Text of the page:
Chop the onion, sweat in butter or oil until soft. Add the potato and cook gently for a further 3 minutes. Add the stock and simmer for 10 minutes. Add the chopped lettuce and parsley and continue simmering until all ingredients are completely cooked. Season to taste with salt and pepper.

As you can see these wartime recipes are probably not going to become your favorite recipes.  But they do give you some ideas of what you can do with very little. More to come in future posts.


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11 thoughts on “Wartime Recipes can Help You to Survive TEOTWAWKI”

  1. Cos lettuce is a type of lettuce (like Romaine or Iceberg, etc.). So maybe this is better meant to say 2 heads of Cos lettuce?

  2. Cos lettuce is another name for romaine, so that recipe would probably be calling for a couple of average size bunches of it.

  3. My mother was pregnant during the last year of WWII & craved chocolate, which was very hard to come by. The old man who ran the grocery store in their neighborhood would always set back a chocolate bar for my mother when he received them. As a child of the 50s , that story always amazed me; that there was a time in recent history that not just everything was available on store shelves.

  4. My potato soup recipe is very close to this. Made it for years. I don’t add lettuce, but I might try it. I use potatoes (whatever I have), onion (fresh or dehydrated), parsley (fresh or dehydrated), salt, pepper, butter. Have used bacon drippings when butter in short supply. Hubby likes it with cornbread.
    It is one of our favorites. I also like that it takes just a few minutes to put together and cooks quickly if you dice the potatoes small.
    Lentils and spinach is very good.

  5. The BBC has a special multi part documentary titled “Wartime Farm”, it can be viewed on youtube. It is about the U.K. farmer during WWII and is very interesting; well worth the time to watch as it explains what really happened on the home front.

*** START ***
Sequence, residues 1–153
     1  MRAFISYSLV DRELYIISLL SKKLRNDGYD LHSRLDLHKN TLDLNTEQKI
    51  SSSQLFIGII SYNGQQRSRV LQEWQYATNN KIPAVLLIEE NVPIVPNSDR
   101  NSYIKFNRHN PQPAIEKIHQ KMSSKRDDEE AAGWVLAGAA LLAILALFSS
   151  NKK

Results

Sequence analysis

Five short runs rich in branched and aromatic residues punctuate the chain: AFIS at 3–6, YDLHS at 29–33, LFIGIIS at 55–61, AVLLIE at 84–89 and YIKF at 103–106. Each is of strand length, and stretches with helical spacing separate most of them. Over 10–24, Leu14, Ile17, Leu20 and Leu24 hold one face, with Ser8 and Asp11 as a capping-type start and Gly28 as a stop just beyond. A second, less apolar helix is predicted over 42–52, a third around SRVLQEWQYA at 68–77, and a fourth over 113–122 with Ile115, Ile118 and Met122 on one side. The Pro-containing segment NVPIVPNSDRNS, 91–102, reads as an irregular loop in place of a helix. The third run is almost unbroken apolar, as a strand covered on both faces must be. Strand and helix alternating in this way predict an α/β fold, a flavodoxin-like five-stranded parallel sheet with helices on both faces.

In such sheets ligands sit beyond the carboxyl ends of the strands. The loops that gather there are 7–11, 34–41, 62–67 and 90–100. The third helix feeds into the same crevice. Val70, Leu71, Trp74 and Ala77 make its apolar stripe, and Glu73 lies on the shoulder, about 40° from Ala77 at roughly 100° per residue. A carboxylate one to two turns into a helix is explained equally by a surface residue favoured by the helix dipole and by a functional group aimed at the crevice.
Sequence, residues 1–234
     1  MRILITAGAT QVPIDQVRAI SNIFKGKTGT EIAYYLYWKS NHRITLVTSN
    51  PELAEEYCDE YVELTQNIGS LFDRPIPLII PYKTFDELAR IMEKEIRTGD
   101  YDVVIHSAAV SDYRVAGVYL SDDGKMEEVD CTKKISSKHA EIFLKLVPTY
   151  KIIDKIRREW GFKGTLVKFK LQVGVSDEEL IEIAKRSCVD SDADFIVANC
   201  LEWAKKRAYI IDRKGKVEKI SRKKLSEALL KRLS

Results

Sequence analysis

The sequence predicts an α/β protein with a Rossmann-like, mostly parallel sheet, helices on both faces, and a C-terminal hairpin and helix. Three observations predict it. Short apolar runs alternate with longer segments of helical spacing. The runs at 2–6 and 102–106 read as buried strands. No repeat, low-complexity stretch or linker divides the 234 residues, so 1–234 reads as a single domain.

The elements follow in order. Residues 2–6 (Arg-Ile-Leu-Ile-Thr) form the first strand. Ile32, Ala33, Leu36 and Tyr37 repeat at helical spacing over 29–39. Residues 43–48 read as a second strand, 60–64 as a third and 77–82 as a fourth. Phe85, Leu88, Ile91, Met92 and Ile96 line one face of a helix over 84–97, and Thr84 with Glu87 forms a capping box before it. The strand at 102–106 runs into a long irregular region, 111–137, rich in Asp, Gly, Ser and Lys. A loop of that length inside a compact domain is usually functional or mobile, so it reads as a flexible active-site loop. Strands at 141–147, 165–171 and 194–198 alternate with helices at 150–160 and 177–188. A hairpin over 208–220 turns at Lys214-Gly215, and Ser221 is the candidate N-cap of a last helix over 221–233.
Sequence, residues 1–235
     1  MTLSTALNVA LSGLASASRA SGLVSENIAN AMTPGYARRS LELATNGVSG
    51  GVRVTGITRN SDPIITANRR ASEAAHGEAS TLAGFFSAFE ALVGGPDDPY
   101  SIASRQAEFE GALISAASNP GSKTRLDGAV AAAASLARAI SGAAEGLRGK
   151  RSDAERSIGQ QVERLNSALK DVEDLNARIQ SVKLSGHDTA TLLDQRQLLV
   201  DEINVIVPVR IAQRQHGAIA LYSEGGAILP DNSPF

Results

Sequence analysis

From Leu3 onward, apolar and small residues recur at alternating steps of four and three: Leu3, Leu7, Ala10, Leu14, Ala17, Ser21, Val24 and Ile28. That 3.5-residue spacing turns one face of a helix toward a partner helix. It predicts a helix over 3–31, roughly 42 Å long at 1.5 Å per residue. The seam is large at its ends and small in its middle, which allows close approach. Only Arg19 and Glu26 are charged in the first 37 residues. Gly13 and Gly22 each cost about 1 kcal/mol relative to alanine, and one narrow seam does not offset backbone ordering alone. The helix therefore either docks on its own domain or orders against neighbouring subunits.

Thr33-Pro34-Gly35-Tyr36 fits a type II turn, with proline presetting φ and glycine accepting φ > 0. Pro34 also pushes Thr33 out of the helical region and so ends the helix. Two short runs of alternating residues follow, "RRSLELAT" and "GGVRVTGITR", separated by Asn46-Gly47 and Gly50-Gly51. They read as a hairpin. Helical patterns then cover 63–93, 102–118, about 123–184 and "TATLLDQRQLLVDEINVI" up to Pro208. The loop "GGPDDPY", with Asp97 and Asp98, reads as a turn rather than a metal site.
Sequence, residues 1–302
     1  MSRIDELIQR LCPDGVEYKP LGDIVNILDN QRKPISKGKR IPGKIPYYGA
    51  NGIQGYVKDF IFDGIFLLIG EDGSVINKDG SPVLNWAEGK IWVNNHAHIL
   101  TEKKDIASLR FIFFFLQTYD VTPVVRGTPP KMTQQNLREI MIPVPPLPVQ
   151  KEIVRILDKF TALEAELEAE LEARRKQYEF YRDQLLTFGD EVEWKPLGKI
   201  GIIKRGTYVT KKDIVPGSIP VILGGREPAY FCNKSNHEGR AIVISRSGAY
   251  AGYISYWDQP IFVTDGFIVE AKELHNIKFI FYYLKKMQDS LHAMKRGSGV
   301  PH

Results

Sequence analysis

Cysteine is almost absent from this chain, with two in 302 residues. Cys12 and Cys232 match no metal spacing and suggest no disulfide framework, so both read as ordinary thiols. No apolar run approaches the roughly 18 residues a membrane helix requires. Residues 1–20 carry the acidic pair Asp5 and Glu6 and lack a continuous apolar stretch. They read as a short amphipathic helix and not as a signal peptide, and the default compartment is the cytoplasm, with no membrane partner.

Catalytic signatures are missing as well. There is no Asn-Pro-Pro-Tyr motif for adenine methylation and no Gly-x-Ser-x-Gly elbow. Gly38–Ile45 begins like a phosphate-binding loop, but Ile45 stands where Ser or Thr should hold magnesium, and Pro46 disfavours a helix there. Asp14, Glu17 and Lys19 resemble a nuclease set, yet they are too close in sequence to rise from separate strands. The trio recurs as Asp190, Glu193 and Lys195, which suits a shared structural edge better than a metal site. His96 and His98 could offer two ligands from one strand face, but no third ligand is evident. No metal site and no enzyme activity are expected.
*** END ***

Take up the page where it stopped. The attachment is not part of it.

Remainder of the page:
6. When I was a kid growing up, when we had excess Romaine lettuce, more than we could eat as salads and garnishes, when it started to get “old” Mom would chop it up and cook in a steamer in the same manner as spinach or Swiss chard and serve with boiled potatoes, carrots, beets, onions, cabbage, etc. Seasoned with lard if you didn’t have butter, with a bit of salt & pepper. “Poor Man’s Pot.” Healthy and filling if you like wartime British cooking.

  7. sugar was rationed but honey was not. my grandfather was able to sell 100s of pounds of honey. if anyone wants to keep bees, they will probably return the investment in the first year in honey and beeswax for candles. if not, most will make money in the second year. join a bee club or find a beekeeper. most will help a nubee.

  8. My parents were in WW2 in the UK. Dad being in the Air force was away a lot and mum used to have to make and do. Its War Time farm. Where 3 specialist live as they did during the war. Well worth watching